After quitting my big corporate job, I had an item on my checklist that I wasn’t sure how to tackle: rollover my 401k. Honestly, I didn’t care enough for it to make my to-do list. Why people rollover 401ks was lost on me. 7 months after I left the company my 401k was still invested, still growing. I still had access to it, and there were no penalties I’d encounter by leaving it where it was. So what was all the fuss about?
Eventually I had enough time on my hands to take a closer look.
After some very basic research that took me about 15 minutes (20 if I count double-checking my math), rolling over my 401k to Vanguard would save me $260,000+ in fees over the next 30 years.
Suddenly I cared very, very much.
Where are all these Fees coming from?
All $260,000 in fees came from one source: expense ratios. Expense ratios are the cost for the administration of the investment fund. Investment funds are those options you select when you first setup your account, such as the “Retirement 2050 fund.” Each investment fund has an expense ratio that’s charged annually as a percentage of the total amount in the fund. They are calculated with a simple equation:
Total investment amount * expense ratio = Annual fee
Let’s say for instance I had $10,000 in my 401k and the expense ratio is .45%. That means each year I pay a $45 fee to the broker. That doesn’t seem so bad, does it? But let’s remember that a retirement account like a 401k is intended to grow over time. And because you cannot withdraw until age 59.5, it’s an account that most people have for decades. For all of these reasons, that seemingly small annual fee is likely to become a very large amount.
Let’s take that same $10,000 401k and account for 10% average stock market growth over 30 years.
|Year||Investment Total||Interest Earned|
(estimated 10% interest rate)
Incredibly, that $10,000 401k is estimated to be worth $174,494 after 30 years assuming a stock market average 10% return rate. This is due to the power of compound interest, and it is the reason why everyone emphasizes saving for retirement asap. The sooner you start saving, the more time you have for your savings to multiply in value.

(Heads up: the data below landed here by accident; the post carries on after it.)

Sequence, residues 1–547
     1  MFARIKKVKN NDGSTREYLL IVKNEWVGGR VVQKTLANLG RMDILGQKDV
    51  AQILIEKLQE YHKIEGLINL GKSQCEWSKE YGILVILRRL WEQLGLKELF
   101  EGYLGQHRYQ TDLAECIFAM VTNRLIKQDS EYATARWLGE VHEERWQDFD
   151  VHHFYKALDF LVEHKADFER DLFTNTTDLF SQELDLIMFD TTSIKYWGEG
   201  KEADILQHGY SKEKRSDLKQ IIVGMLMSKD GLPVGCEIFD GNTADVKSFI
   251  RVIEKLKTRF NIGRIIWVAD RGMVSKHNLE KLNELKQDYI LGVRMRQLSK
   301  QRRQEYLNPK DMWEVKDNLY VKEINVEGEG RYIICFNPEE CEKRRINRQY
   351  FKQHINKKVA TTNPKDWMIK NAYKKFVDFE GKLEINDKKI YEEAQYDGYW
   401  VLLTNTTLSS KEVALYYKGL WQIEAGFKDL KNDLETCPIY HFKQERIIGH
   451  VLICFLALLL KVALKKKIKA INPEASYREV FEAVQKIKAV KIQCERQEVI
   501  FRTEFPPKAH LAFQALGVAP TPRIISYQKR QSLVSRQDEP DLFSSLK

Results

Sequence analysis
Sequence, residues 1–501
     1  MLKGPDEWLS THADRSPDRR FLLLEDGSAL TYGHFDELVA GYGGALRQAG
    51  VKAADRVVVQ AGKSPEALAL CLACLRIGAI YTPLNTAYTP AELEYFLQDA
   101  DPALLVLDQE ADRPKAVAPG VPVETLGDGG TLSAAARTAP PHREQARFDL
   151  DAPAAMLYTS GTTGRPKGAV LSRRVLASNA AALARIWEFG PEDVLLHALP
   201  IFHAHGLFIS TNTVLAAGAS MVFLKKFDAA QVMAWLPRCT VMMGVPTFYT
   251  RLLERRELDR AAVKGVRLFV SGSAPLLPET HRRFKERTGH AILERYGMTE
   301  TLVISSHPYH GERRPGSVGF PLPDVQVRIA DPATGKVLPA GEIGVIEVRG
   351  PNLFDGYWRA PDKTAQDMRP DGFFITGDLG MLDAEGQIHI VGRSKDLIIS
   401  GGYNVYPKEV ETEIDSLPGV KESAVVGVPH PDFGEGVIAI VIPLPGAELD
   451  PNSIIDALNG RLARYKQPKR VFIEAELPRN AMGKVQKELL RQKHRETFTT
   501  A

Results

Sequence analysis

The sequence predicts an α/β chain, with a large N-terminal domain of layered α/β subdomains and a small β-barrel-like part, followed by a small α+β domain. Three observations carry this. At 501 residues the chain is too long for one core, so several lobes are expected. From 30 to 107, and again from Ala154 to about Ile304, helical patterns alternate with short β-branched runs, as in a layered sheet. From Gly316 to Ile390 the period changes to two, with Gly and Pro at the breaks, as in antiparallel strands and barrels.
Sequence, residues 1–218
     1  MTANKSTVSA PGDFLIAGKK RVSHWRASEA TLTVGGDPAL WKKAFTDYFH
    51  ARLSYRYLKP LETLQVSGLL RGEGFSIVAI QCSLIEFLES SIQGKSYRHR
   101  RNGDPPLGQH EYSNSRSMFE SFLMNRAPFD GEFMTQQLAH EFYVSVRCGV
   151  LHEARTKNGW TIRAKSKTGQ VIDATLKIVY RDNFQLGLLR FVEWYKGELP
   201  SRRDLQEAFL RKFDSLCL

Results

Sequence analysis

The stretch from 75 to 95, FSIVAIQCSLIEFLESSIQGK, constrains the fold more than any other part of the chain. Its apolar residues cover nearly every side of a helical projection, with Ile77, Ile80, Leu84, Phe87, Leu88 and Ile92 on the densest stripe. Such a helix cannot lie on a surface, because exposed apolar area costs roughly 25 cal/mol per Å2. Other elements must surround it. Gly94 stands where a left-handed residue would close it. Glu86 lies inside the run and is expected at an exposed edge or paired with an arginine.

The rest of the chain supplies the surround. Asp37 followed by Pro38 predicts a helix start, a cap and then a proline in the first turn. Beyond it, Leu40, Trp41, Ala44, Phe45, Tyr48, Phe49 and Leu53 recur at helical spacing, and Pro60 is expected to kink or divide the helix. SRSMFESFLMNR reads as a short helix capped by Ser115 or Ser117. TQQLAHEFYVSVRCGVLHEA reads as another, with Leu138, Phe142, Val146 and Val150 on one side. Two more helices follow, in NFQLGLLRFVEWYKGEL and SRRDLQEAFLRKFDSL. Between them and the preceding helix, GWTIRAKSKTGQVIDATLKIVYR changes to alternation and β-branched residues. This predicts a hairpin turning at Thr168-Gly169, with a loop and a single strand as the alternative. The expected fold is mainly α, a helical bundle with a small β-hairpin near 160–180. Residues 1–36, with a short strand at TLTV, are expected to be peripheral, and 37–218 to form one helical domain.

Now let’s take that same 401k and account for the .45% expense ratio. We can do it using the same compound interest formula above, except we will use an interest rate of 9.55%. That’s the final rate if we take the 10% average return and subtract the expense ratio of .45%. Using a 9.55% interest rate, the same $10,000 401k is worth only $154,301.97 after 30 years, a difference of $20,192. That $20,192 is the amount paid in expense ratio fees.
The short version of this is:
401k total in 30 years at 10% interest rate: $174,494
401k total in 30 years at 10% interest rate – .45% expense ratio: $154,302
Total amount paid in expense ratio fees: $174,494 – $154,302 = $20,192
This person will pay a total of $20,192 in expense ratio fees over the course of 30 years on their $174,494 investment. Ouch! That’s a lot of money going to a fee!
Expense Ratio Cost Calculator
By now you’re up to your eyeballs in math that may not make sense to you. Don’t worry. You don’t have to know how to do these formulas on your own. You can use the expense ratio cost calculator below to find out how much expense ratios will cost over time. Just plug in the numbers and hit calculate for it to do all the compound interest formula for you.
By plugging my numbers into the calculator above I realized how much expense ratios were going to cost me in the long run. My 401k only had 18 funds that I could select from, and the average expense ratio was .30%. Meanwhile, my Roth IRA was invested in an S&P 500 index fund with an expense ratio of only .04%. That is 7 times less than my 401k funds!